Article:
Indian River Kitchen

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This refreshing dessert showcases the vibrant color and tropical flavor of mangos.Magical mangos

Florida summer is famously inhospitable. The air is thick with humidity and the heat is relentless. Late afternoons are punctuated by thunderstorms; mosquitoes rule at dusk. Even when the tropics seem quiet, hurricanes remain on our radar. But there is a reward for all the sweat and suffering: the sweet taste of a perfect mango...

Homemade granola sweetened with honey makes a simple and satisfying breakfast.Sweet Deal

For as long as I can remember, my mom has made granola. She spends a full day, slowly toasting batches in the oven to fill jars that she shares with family and friends...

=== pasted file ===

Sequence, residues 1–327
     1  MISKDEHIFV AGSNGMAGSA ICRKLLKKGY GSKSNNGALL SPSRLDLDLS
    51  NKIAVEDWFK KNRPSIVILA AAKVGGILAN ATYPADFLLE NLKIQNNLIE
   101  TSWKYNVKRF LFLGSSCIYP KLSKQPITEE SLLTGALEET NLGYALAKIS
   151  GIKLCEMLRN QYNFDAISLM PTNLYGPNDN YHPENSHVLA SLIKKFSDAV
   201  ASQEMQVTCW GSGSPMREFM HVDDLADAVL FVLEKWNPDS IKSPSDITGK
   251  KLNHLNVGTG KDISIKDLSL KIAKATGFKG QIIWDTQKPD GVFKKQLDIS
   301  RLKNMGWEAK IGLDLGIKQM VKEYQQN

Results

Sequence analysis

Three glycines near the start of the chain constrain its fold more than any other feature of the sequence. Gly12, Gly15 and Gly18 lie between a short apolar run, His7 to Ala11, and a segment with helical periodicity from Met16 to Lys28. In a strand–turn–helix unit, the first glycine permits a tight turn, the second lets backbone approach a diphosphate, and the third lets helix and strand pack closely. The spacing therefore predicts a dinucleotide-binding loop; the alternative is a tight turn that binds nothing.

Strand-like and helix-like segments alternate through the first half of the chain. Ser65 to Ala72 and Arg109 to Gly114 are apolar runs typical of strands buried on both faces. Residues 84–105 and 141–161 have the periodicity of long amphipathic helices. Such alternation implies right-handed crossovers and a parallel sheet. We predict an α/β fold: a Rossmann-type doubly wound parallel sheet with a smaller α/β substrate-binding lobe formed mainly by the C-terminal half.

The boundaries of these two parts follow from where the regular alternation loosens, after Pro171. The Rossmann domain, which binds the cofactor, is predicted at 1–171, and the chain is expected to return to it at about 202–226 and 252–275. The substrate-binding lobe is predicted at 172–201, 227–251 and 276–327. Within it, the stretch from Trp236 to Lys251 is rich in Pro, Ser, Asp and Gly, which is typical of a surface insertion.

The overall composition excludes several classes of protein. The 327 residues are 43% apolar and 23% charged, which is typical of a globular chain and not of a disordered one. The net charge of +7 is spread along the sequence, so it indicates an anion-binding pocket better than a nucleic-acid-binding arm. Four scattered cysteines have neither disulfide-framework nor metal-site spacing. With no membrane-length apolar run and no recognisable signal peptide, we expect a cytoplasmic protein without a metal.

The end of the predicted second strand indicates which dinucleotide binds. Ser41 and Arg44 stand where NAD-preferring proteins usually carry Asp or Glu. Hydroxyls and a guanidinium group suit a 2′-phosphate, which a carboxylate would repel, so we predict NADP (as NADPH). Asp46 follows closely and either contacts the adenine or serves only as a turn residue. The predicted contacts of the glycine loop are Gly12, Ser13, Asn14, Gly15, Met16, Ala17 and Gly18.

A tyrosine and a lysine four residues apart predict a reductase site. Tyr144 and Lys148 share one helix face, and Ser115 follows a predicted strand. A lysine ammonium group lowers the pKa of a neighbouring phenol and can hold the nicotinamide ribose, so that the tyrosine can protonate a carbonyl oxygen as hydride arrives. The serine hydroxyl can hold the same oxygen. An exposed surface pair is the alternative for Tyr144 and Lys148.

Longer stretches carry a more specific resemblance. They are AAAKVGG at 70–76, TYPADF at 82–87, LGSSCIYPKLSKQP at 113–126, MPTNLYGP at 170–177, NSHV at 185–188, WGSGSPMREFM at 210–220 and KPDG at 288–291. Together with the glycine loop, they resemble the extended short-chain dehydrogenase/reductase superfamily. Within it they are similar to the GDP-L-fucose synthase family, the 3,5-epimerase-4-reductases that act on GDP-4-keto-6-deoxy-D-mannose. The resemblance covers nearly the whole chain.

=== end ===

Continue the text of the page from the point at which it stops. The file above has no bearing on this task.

More pie = happier holiday

The kitchen has always been my laboratory. I’m endlessly curious about food and unafraid to experiment. When I eat something I love at a restaurant, I’m already cooking up the recipe in my head. Some are hits; some are misses...


Love that lobsterLove that Lobster

Florida’s spiny lobster season is open from Aug. 6 through March 31. The Florida Keys are the state’s most popular destination for recreational lobstering, but you can find plenty of them right here on the Treasure Coast. In the Keys, you can only keep six lobsters per person per day, but here the daily limit is 12 per person...

pineapple beerHomemade Cheer

In the 1700s, New England ship captains announced their return home by spearing a pineapple on their fence post. It meant visitors were welcome to stop by to hear sea stories and see exotic souvenirs. Real pineapples gave way to architectural details incorporated in homes all along the East Coast to symbolize hospitality.